So, while I feel safe using my ban on a daily basis, I have heard of some alternatives to antiperspirants which sound intriguing. I offer these not as an "in case" to guard against potential future findings on antiperspirants but more as information to arm consumers, in case Unilever ever gets too comfortable with its products... I mean, they've already created AXE bodyspray. Enjoy!

Water: I'm not sure how we ever arrived on the topic but in U.S. History class, our teacher once told us that instead of using deodorant, he drank water. While many students (including myself) seemed perplexed by this notion, he stated something to the effect that adult mammals (or was it animals?) don't need an antiperspirant if they drink enough water. What struck me as interesting was his emphasis on adult mammals instead of humans. It was the first time that I was exposed to the theory that, "yes, we're animals too" and function in much the same way. Indeed, all mammals are warm blooded and are able to, "regulate their own body temperature," (according to a quick Google search). Water, in fact, is a key tool in the regulation of our body temperatures as well as stress levels which can make our body perspire. While some sweat more and may need more water (or even additional antiperspirant) than others, drinking water provides such a myriad of benefits, it can't hurt as a sweat preventative. It can only help.

 Options, people!

Rubbing Alcohol: According to Livestrong.com, most of our underarm sweat comes from our eccrine sweat glands. While the sweat from such glands is odorless, most people's underarms are chock-full of bacteria, which causes an odor when these two elements combine. Therefore, it's no surprise that rubbing alcohol can eliminate the smell (if not the sweat) from the situation above. I first came across the notion of using rubbing alcohol on Into the Gloss where and interviewee once claimed to apply it as an antiperspirant alternative. In this situation, Socrates' notion to "know thyself" comes into play. While I know I can't last an eight hour day without some form of antiperspirant (and maintain an amicable relationship with my co-workers), I try to use rubbing alcohol when I know I'll be putzing around the house for a few hours or even after I wake up if I've sweated the night before (dreams, people!).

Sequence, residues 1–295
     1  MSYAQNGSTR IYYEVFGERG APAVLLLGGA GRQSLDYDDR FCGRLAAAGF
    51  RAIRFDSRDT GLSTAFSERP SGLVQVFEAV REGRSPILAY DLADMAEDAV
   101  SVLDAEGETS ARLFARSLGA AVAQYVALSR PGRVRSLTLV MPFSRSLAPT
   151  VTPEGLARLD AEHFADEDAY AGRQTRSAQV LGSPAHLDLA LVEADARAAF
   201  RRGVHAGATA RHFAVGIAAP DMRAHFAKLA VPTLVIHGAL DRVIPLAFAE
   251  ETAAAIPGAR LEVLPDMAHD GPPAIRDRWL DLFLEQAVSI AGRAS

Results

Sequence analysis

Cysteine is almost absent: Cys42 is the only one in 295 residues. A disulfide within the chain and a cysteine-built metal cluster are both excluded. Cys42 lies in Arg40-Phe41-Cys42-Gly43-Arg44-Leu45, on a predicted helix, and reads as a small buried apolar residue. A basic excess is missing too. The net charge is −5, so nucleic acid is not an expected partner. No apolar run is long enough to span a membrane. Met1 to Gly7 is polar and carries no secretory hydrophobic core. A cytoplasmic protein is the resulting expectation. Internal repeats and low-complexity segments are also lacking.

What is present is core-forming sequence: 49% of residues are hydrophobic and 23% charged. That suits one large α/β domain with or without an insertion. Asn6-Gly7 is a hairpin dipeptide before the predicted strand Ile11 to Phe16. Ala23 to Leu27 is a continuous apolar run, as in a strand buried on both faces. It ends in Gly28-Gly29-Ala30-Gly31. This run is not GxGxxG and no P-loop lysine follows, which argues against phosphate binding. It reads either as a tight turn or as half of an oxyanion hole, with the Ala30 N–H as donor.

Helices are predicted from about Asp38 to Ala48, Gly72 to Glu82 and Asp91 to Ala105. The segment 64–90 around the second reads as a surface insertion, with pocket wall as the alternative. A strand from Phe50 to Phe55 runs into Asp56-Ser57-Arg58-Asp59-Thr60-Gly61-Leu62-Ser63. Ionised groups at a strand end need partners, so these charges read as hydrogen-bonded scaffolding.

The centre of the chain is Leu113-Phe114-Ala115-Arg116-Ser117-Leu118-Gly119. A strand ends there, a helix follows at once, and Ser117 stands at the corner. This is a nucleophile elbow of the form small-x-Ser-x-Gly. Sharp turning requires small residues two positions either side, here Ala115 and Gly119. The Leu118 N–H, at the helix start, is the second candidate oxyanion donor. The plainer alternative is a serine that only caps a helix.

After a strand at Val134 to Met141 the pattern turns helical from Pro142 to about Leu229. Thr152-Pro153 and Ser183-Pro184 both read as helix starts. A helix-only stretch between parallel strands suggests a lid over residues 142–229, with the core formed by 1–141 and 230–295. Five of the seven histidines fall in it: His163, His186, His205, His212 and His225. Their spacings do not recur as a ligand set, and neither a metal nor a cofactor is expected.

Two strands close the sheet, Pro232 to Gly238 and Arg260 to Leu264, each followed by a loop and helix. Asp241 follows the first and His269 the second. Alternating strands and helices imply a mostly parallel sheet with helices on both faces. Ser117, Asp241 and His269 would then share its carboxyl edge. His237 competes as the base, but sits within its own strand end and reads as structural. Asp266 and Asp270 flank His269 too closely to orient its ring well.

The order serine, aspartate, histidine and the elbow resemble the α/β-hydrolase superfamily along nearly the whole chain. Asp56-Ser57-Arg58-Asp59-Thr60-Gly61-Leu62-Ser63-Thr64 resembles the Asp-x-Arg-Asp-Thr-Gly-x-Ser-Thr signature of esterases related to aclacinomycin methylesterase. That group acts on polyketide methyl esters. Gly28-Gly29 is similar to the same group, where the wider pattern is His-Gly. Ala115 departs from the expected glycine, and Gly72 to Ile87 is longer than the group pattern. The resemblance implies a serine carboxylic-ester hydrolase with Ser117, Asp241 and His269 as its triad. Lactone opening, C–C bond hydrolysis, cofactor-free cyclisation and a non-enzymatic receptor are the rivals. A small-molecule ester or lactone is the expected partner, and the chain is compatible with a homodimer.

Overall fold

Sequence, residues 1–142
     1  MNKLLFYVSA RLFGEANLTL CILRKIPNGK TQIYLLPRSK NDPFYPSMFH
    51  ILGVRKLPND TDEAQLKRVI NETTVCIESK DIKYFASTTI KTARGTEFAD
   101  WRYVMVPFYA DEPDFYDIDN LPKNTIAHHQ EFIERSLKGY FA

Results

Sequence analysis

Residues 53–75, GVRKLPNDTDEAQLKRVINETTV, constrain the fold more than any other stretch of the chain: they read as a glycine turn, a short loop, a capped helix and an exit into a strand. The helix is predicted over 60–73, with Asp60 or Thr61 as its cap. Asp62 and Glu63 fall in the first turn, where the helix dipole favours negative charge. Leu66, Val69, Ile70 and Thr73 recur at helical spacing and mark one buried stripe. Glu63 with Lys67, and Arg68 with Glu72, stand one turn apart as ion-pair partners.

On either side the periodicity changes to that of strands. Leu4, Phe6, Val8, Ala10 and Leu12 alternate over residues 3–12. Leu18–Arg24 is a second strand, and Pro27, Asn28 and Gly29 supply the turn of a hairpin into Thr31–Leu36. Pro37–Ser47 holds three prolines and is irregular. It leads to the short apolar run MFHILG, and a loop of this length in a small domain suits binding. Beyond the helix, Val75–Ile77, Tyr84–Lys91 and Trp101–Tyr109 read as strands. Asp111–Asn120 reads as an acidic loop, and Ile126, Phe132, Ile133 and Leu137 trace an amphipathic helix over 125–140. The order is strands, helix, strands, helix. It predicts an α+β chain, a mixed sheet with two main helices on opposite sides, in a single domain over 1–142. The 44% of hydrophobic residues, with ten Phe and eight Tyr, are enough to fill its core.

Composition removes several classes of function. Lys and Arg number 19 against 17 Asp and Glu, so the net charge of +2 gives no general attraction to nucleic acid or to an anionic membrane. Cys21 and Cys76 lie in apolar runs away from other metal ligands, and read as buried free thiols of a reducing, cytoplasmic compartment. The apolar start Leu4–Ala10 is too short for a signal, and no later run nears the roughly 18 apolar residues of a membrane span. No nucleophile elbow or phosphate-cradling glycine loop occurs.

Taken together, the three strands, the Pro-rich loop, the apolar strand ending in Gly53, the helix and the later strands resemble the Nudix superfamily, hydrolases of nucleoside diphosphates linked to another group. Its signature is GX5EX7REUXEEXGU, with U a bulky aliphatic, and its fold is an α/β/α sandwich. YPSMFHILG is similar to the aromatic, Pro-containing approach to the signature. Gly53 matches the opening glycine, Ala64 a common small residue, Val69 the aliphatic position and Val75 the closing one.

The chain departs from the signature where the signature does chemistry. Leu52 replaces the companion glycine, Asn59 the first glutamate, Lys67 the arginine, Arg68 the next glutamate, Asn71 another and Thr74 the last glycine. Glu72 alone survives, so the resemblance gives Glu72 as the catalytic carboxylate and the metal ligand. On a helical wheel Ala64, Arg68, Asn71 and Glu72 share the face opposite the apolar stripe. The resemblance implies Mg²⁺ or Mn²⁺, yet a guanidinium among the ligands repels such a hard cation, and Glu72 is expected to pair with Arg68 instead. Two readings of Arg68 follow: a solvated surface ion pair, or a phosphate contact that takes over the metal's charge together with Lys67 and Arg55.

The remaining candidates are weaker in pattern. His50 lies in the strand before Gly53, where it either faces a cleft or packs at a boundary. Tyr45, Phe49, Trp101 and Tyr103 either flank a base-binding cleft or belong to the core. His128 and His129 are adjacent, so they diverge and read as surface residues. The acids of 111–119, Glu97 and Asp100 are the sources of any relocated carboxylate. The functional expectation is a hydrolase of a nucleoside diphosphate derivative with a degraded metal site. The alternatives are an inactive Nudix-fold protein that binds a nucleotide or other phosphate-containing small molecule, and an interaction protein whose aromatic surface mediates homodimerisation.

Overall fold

Rose Deodorant by Dr. Hauschka: Much of my foray into the world of natural beauty has been helped along by the beauty website Into the Gloss. If a baking soda exfoliant is good enough for sophisticated Manhattanites, it's good enough for me. So it was here that I found my second alternative to antiperspirants in Dr. Hauschka's Rose Deodorant. While antiperspirants tend to block your sweat glands, inhibiting the excrement of toxins in the area, deodorants simply make you smell nice. Here, Dr. Hauschka's deodorant uses rose water to lend a sweet, natural fragrance while ingredients such as tapioca and lady's mantle keep sweat at a minimum. Indeed, in my research, I noticed that herbs, including sage and witch hazel could be used to stem sweat. Since sage is a natural astringent, "it has the ability to cause tissue contraction," (according to Livestrong.com). It is such tissue in the breast area which is often looked at in regards to cancer, so I can only imagine sage is an effective, natural alternative.

So there you have it: a few notes on antiperspirants and a few alternatives. Hope they help you make a decision that is right for you (and those around you).


  1. People who are vegetarian also have less smelly pits....less protein is excreted through the pores to feed the bacteria on their skin.